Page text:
Writing can be a solitary business. While often you may be quite happily lost in your characters, your story, and your keyboard, there are days when it will be lonely and insecurities about writing, the craft, and the industry can become overwhelming.
This is when you need your people—your writing group—a small group of like-minded writers who meet regularly to exchange ideas, share the highs and lows of the writing life, and critique each other’s work.
While this may seem like an intimidating commitment, it is probably one of the best things a writer can do.
One of the biggest benefits of a writing group is the accountability—you pledge to others to strive for your writing goals. Generally, all members in your group plan on writing a certain number of words in a fixed amount of time on a consistent basis. By doing this, you will not only have fulfilled a promise to yourself, but several people will also read and comment on your work. Additionally, you will have the gift of reading their work. And if for some reason, you can’t write your words, you will have people who understand how hard it can be and let you off the hook (occasionally).
However, if you can fulfill your agreed upon word requirement, the feedback you will get from your writers’ group is specific, unlike the well-meaning feedback you get from your friends and family. The members of your group have studied the craft of writing and understand the technical aspects of structure, pacing, and dialogue. As such, they can provide constructive criticism in a way that other beta readers can’t. They can also help you when you are stuck in a plot point with a brainstorming session or ideas about mapping and development.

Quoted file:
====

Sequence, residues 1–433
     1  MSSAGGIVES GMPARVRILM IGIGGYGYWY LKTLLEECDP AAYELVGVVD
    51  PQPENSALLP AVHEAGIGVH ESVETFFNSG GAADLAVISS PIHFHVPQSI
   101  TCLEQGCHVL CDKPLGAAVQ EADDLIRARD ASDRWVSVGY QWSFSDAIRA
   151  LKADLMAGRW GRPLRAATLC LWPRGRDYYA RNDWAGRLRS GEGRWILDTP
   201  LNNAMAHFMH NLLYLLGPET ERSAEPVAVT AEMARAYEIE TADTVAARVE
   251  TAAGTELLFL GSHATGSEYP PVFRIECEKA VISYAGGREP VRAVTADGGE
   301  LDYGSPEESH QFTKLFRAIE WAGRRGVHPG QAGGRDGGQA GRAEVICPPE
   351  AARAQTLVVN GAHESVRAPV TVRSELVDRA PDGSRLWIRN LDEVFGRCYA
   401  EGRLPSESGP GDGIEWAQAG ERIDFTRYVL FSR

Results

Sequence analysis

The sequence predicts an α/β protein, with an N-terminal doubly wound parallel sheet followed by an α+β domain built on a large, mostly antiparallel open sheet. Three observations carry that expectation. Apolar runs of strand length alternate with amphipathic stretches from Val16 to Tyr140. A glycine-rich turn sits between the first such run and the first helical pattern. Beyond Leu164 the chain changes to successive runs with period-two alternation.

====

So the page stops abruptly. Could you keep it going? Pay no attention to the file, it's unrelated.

How do you find these groups? Groups often come together through writing classes, workshops, retreats, and conferences. Your local writing association can be a great source of this information as can your neighbourhood library or bookstore.
However, there are some things to consider before committing to a group: How much time will it require? Will the amount you read and critique be worth the feedback you get? Are the other writers in your group at your level of writing? Have they taken the same courses? If not, their feedback may not be as helpful and will take more of your time than is returned in value. Do you like the other members? Would you enjoy a Zoom meeting every month with them? Would you be able to tell them about your latest setback or pass?
This, perhaps, is the greatest benefit of a writing group: your family and close friends may not completely understand the passion a writer must have in working to find a place in the complicated publishing world. But other writers do. They understand the moments of fear in front of the screen when the words don’t come, the pain of rejection and the burst of joy when you lose yourself doing what you love. Having a group of people who understand the work so deeply can go a long way in keeping the momentum going on your project.
Find your tribe. Give it your time and it will give back to you.
As a start, consider our Manuscript Accelerator Workshop to help make some of those connections.